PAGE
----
Participating in environmental causes has become more important than ever.
Ossining resident Kathy Puffer adjusted the lid of a solar cooker, preparing the device to transform kale leaves into chips. Even on a cloudy afternoon at Louis Engel Waterfront Park, Puffer said her solar-fueled device offers a more sustainable cooking method.
“These are simple things anyone can do,” Puffer said, a co-founder of Solar CITIES, a non-profit. “Anybody can get a solar cooker and use it to bake a cake, or you could start dinner in it.”
Puffer represented one of more than 100 vendors who promoted sustainability at Green Ossining’s ninth annual Earth Day Festival on Saturday, April 27. Guitar strums and drumming from the festival’s live performers mixed with the chatter of thousands of visitors who
interacted with environmental advocacy groups, local organizations and food vendors. The festival also offered drum and ukulele circles, kid’s activities, and goods from arts and artisan vendors for those who attended this event by the Hudson River.
Suzie Ross, a chairperson and founding member of Green Ossining, said the event’s riverside location, combined with its easy access to Metro-North, is the reason it attracts people from as far as Brooklyn and from neighboring counties.
“Being with community [is people’s favorite part of the event],” Ross said. “It’s a day outside, on the river, and that is the beauty. If we had this at a park, it wouldn’t feel the same way.”
While the Earth Day Festival serves as a community gathering, Ross said the event organizers also try to “sprinkle in educational opportunities” to inform visitors about the environment and sustainable practices. Signs along the waterfront poked through blades of grass that contained facts about the impact of current environmental practices, and organizations also hoped to educate visitors who passed by their stands.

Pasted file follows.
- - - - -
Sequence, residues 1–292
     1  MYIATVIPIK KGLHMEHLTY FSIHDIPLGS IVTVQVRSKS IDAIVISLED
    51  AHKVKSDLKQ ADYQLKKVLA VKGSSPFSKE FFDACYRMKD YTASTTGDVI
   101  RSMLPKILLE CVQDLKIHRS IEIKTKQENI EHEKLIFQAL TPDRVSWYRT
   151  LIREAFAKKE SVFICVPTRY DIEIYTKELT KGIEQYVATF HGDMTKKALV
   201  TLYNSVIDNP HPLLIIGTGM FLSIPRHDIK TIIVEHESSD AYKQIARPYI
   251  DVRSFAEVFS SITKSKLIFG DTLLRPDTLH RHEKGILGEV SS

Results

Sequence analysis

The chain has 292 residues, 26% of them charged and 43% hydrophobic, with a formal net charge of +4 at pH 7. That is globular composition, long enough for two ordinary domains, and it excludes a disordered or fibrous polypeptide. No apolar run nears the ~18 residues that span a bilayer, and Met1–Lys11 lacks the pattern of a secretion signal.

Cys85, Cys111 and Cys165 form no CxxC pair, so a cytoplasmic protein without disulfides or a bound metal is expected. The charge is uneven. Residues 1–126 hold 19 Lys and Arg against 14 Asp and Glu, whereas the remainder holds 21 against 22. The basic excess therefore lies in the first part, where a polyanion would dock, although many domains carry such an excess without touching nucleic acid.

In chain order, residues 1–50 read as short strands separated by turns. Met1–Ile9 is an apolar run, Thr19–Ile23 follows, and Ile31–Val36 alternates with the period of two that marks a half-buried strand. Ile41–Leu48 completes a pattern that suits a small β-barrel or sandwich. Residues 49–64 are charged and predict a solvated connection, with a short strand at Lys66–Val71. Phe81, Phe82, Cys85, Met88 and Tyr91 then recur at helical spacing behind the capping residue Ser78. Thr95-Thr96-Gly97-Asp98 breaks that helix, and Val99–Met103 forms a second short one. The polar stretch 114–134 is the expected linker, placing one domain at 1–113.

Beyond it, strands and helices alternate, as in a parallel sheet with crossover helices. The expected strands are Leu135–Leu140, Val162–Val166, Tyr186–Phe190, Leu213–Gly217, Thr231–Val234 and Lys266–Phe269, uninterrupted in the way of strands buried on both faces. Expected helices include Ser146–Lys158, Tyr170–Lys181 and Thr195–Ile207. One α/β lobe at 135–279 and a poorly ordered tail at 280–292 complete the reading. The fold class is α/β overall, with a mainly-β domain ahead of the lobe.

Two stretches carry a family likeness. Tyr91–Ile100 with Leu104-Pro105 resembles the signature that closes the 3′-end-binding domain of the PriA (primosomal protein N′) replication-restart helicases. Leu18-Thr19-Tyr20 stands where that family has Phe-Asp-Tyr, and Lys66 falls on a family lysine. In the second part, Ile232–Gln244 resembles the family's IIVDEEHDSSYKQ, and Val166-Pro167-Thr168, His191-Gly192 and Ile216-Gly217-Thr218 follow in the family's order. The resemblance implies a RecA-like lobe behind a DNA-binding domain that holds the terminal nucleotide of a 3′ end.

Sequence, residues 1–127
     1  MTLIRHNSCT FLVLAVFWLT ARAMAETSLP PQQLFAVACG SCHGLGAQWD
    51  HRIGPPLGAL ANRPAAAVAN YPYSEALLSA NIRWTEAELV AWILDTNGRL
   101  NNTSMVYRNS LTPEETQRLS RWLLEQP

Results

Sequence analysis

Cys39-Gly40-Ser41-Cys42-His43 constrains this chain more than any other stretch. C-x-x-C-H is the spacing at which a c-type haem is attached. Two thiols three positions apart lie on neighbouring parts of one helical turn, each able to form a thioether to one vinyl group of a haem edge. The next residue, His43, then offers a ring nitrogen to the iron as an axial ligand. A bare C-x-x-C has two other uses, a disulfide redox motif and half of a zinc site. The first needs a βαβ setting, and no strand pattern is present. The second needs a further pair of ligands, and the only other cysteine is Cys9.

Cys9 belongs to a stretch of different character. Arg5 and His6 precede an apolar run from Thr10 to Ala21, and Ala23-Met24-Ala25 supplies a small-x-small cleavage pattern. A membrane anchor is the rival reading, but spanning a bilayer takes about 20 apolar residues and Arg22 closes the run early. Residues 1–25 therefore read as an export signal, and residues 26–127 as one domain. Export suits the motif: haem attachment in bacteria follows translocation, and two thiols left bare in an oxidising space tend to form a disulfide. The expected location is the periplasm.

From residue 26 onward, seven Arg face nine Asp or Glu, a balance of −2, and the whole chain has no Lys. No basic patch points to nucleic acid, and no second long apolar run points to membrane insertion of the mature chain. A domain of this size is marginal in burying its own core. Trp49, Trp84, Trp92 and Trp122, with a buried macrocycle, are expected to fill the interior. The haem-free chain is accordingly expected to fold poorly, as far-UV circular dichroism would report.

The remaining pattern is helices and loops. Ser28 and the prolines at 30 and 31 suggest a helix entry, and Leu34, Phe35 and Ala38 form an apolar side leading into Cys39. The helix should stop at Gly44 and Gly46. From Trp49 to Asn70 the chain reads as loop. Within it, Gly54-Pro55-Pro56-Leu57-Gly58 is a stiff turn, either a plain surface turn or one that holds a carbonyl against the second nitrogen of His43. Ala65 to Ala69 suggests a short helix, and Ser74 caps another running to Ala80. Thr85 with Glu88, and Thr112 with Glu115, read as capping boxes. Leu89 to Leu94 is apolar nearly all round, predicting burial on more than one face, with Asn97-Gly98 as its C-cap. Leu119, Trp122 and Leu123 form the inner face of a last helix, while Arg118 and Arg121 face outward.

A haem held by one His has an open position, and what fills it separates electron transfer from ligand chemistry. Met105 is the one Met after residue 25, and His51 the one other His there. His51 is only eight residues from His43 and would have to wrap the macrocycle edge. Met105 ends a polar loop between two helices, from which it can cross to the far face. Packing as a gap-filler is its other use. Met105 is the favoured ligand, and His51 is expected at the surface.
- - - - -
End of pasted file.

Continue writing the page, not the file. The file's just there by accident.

Groups including an Ossining Cub Scouts pack encouraged visitors to develop “zero waste” practices. Mike Pavelchek, a cubmaster of Pack 83 Ossining, displayed trash, recycling and compost bins that he and the cub scouts filled with various types of waste, informing visitors how to properly dispose of items to encourage the reuse of materials.
“We’re here educating people that not everything is garbage,” he said. “Over the last year or two, there has been a real uptick in compostable materials. Things can either be turned into dirt or soil, or they can at least be recycled.”
Teaching attendees that not every item should be thrown away, this group of cub scouts also spreads the same message at the annual Ossining Village Fair in June.
Other organizations also encouraged visitors to adopt more sustainable practices and become more environmentally conscious. Several students from Ossining High School’s Environmental Club attended the festival, advocating to clean up Ossining Beach and to “spread good word about the earth,” sophomore Andrea Doble said.
Representatives from larger organizations also attended the festival, including second-time attendee Donna Sharrett, a Master Gardener Volunteer for Cornell Cooperative Extension (CCE), which trains volunteers and brings information to communities in each New York county. She displayed handouts at her stand, including information on pesticide-free lawn care and the destructive impact of invasive plants.
“I came because Green Ossining does such great work,” she said. “I want to be a part of helping environmental issues—like creating better habitats and [providing] the best science information to the public.”
And, participating in environmental causes has become more important than ever, so much so that Ross said the event coordinators decided not to include a theme for this year’s festival. While a previous Earth Day Festival celebrated solar, and water became the theme another year, she acknowledged that there are many pressing environmental concerns.
“It’s not just about showing up for Earth Day, being with each other, having food and hanging out with your friends,” Ross said. “It’s really got to be taken seriously. It’s a moral imperative that we all step up and take responsibility for every action, because everything we do affects the planet.”